Daniel Pinkwater, Five Novels (Farrar Straus Giroux, 1997)

Daniel Pinkwater's novels invariably pounce on the weirdness that underpins everyday life. Of course, he envisions worlds with avocado-powered computers and 800-year-old Venusian biker folksingers. Not to mention places where the most feared pirates in the universe are 300-pound men in leisure suits. The bizarre otherworld of Pinkwater's books, where everyday misfits find themselves significant and important while mundane life is a pale imitation of the real, weird world, is perfect for capturing the mind of anyone who believes that the world must be weirder than it appears to be. As a master of making the absurd seem perfectly normal, Pinkwater opens readers' eyes to the inherent strangeness around us.

Five Novels pulls together a group of Pinkwater gems, all originally published between 1978 and 1982: Alan Mendelson, the Boy from Mars (1979), Slaves of Spiegel (1982), The Snarkout Boys and the Avocado of Death (1982), The Last Guru (1978), and Young Adult Novel (1982). Each novel pokes fun at the ordered ordinariness of the world. Using misfit teens as protagonists, Pinkwater shows that the world is a much more severely bent place than it appears to be. This is especially evident when you get into the real thick of things, whether it's in the used bookstores and chili parlors of Hogboro with Alan Mendelson or the greasy spoons and back alleys of Hoboken with Norman Bleistift.

The main characters in Alan Mendelson, the Boy from Mars go through an experience common to Pinkwater novels. Starting as outcasts, they find that the world around them is much more than the dreary lives of their families. Alan and his sidekick Leonard Needle discover that the ordinary world is only a tiny fraction of the true reality. Underneath the bland exterior of the town of Hogboro is a strange world of Venusian biker folksingers, mystical brotherhoods, and parallel dimensions. When they become heroes for saving a parallel world from tyranny, they learn their true potential for greatness. Slaves of Spiegel provides an unlikely collection of villains; the 300-pound-leisure-suit-wearing, junk-food-addicted space pirates of the planet Spiegel. Instead of focusing on the misfits, the book focuses on the villains. Through the Spiegelians' quest for the ultimate artery-clogging, heart-stopping meal, they kidnap a short-order cook and his assistant to participate in a cook-off for universal greasy spoon supremacy. Though told by Norman Bleistift, the assistant cook, everything focuses on the terrible menace (and appetite) that is Sargon, the leader of the Spiegelians. This makes for a refreshing change from the other novels in this collection. It's fun to spend more time on the machinations of the villains, with the heroes as the sidelight.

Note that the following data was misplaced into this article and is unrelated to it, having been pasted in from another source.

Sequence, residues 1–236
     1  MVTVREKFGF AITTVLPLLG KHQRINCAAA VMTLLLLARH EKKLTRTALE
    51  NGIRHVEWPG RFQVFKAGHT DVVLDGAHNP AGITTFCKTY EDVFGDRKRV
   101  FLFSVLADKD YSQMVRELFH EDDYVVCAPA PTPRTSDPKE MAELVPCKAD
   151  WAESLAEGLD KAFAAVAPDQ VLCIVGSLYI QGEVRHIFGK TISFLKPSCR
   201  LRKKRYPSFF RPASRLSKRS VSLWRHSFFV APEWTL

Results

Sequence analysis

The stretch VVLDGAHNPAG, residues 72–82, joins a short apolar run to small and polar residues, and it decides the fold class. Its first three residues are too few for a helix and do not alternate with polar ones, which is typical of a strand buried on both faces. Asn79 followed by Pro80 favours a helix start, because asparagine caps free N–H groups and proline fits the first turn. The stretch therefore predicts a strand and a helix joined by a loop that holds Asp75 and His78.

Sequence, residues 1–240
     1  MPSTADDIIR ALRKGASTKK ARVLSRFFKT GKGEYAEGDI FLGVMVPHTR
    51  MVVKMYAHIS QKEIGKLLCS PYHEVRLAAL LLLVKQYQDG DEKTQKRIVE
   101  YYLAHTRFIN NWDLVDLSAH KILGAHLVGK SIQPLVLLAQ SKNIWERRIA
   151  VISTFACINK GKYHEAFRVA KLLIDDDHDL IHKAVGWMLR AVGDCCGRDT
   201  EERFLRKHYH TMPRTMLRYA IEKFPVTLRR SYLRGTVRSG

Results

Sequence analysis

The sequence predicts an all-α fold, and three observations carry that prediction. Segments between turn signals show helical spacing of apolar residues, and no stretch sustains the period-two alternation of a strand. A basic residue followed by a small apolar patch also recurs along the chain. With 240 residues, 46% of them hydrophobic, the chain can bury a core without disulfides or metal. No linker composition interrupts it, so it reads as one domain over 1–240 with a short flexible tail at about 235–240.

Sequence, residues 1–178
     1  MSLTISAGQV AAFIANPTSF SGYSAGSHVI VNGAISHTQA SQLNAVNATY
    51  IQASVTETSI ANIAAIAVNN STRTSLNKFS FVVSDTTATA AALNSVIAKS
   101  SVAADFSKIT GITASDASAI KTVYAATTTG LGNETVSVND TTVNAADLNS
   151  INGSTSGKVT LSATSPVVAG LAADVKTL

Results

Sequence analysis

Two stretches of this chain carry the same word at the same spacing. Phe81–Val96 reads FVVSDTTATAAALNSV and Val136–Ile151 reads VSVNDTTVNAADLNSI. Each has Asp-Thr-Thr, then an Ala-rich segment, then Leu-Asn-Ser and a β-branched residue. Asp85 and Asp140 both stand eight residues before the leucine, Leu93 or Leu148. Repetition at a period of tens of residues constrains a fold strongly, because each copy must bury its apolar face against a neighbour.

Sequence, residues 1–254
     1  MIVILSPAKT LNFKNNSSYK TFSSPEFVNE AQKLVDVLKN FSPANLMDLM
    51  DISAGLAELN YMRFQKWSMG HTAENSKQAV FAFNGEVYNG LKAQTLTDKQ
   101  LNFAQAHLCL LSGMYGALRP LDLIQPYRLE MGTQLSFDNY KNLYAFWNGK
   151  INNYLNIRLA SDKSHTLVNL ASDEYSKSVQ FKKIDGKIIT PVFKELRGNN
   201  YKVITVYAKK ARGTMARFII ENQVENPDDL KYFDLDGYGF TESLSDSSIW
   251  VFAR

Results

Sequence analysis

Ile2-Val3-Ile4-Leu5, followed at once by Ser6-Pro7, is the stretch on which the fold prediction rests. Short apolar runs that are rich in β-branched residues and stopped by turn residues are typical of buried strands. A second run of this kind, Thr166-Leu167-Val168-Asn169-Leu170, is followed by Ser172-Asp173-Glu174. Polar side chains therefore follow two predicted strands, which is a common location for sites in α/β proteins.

The Snarkout Boys and the Avocado of Death features alienated teenagers, avocado-obsessed mad scientists, and a plot to replace all of the world's realtors with aliens. Only Daniel Pinkwater could string these together into a coherent whole. Walter Galt and Winston Bingo are typical outcasts at Genghis Khan High School. Their favorite activity is sneaking out ("snarking out") in the middle of the night to go to an all-night movie theater, The Snark. While snarking out, they meet the usual assortment of oddballs populating the evenings and back alleys of a Pinkwater book. In the process, they help foil the scheme of the world's greatest criminal genius and his gang of trained orangutans -- to use an avocado-powered machine to replace realtors with aliens.